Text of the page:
Furthermore, as Rabat is the capital of the country and the home of a multitude of embassies, the citizens of Rabat, young and old alike, are used to seeing people from all around the world. I find it extremely hard to believe that anyone viewed you as an “infidel.” Don’t forget that prior to the creation of the modern state of Israel, Morocco was home to one of the world’s largest concentration of Jews. This is a country with a history of moderation, tolerance and the ability to weave the influences of the Arab world, Europe and Africa into their own fabric.


Lands of contrasts
by Chaim Bezalel, Stanwood, Washington, USA


Interior, Jerusalem

My wife, Yonnah, and I lived in the Middle East, in Israel, for more than a decade and we still have a house there that we try to visit every year. Otherwise, we live in the US Pacific Northwest. Every year when we return to Israel, we try to stop off in another country on the way, usually in Europe, so we are both dual-citizens and constant tourists. We uphold the value of first impressions. Delacroix’s visit to Morocco, though relatively brief, had a tremendous influence on him and on European art. And yet, there is also another kind of perception which comes from a longer and closer experience of a place. This is particularly true of the East, including the Middle East, where concealment is considered an art in itself.

There is something so seductive in the culture, the religion, the architecture, the dances, the landscape of the Middle East that it has captivated many a missionary, many a soldier, many a diplomat. I appreciate that in your depiction of your visit you have made mention of both the beauty and the ugliness that exists there, and everywhere, but we feel that the contrast exists there especially.


Language induced inertia
by Alan Dorrell, Loughborough, UK


“Plaza de Azoguejo, Segovia”
sketch by Alan Dorrell

Your letter about travel dazzle rang an immediate bell. Five weeks ago, I returned from a ten-day trip to the Castille area of Spain. Since returning, I refuse to describe it as a holiday/vacation. Perhaps this will only be completely understood by your other British correspondents. It was my first self-organized visit to Spain (done mainly through the Net). I spent one full day each in Arebalo, Avila, Segovia and Toledo. For the first three nights I based myself at Arebalo, a lovely little town in Castille y Leon. The remainder of the time, I slept in a comfortable Hostale Residencial in the centre of Madrid. I visited the Prado Art Gallery twice, the second time to see the newly opened Manet Exhibition.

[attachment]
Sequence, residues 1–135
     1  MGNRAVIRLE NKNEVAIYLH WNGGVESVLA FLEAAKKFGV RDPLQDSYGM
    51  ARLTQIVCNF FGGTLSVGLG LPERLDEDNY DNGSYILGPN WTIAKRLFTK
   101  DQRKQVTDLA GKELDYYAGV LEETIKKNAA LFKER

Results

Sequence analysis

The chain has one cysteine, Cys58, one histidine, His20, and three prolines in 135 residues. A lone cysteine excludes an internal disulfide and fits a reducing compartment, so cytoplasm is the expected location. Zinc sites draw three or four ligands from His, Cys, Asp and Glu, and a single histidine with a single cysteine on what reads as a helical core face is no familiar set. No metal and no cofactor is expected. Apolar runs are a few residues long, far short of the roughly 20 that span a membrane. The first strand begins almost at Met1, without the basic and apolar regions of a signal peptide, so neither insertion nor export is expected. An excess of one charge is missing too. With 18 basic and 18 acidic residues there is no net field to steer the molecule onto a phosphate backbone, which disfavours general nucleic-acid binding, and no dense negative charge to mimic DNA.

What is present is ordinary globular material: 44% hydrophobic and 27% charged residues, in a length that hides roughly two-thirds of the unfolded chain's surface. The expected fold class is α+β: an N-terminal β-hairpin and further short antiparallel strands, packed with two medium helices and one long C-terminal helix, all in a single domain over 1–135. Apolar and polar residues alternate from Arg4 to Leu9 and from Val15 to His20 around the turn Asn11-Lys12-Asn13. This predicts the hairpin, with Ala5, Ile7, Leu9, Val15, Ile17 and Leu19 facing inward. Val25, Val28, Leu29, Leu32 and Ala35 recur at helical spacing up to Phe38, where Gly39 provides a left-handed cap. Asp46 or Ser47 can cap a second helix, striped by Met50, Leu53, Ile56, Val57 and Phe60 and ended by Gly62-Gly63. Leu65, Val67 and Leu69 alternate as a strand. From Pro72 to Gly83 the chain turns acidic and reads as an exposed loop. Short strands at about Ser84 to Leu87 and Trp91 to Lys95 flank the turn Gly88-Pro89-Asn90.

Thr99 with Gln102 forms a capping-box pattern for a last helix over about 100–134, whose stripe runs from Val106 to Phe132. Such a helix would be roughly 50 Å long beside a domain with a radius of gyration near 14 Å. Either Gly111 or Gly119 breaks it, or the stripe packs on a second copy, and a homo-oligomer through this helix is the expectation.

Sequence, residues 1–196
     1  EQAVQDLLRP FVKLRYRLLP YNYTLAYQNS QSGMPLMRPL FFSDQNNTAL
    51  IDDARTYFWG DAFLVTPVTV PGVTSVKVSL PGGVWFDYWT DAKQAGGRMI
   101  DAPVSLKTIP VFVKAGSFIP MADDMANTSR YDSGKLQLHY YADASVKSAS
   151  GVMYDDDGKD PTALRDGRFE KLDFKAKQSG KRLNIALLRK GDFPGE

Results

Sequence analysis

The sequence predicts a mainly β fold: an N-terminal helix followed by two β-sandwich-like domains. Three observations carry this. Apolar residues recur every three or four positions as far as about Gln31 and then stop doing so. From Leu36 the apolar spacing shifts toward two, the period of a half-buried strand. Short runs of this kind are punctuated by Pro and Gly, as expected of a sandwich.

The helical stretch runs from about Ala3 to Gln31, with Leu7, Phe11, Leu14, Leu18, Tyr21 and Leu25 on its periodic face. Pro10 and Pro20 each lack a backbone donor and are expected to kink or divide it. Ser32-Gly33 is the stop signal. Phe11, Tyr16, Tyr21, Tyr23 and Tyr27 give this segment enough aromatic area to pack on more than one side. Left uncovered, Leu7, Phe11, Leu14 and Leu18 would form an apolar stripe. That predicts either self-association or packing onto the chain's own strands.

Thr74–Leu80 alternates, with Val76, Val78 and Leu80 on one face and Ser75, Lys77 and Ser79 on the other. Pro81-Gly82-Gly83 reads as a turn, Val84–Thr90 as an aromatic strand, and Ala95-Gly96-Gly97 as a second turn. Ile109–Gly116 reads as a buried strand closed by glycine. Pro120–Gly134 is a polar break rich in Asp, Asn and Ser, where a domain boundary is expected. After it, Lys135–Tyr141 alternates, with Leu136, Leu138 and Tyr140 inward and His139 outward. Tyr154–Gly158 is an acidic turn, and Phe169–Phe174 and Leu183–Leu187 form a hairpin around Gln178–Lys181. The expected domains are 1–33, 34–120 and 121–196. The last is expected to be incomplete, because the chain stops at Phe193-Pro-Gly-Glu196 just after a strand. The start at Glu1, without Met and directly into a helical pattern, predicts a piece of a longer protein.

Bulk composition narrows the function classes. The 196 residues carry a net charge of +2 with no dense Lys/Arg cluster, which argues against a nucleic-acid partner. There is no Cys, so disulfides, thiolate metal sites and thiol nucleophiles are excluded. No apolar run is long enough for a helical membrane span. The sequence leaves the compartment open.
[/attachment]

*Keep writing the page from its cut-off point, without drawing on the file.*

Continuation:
Furthermore, I was enabled to travel easily due to my own recent studies of the Spanish language. Nevertheless, at this stage in my studies, when I returned, I felt such mental inertia as you appear to describe, as though I was no longer aware of all that I had done, seen, read, listened and spoken about, in another language.

It took about a week to get my head together and now I’m enjoying reminiscing about my trip. I shall soon complete a painting of a knife-grinder I met in Avila. His equipment is an adapted bicycle. Actually, he spoke English about as well as I speak Spanish and we enjoyed a pleasant conversation.


Mind soothing device
by Linda Saccoccio (Radha), Santa Barbara, CA, USA

>You mention the idea of keeping one’s sight on the horizon to keep a clear perspective. Or viewing your life and the lives of others at the end of the day from the distant hill. You mentioned bringing your awareness to the dunes or water to move beyond the overload of traveling. It is impressive what these practices can do for the mind and nervous system. They immediately begin to calm and soothe so that one can approach things freshly and clearly. It is a form of detachment in the best sense. I also would like to add the quote, “Coincidences/serendipity are God’s way of remaining anonymous.”


Draped her bed like a souk
by Violette Clark, Canada


Journal Case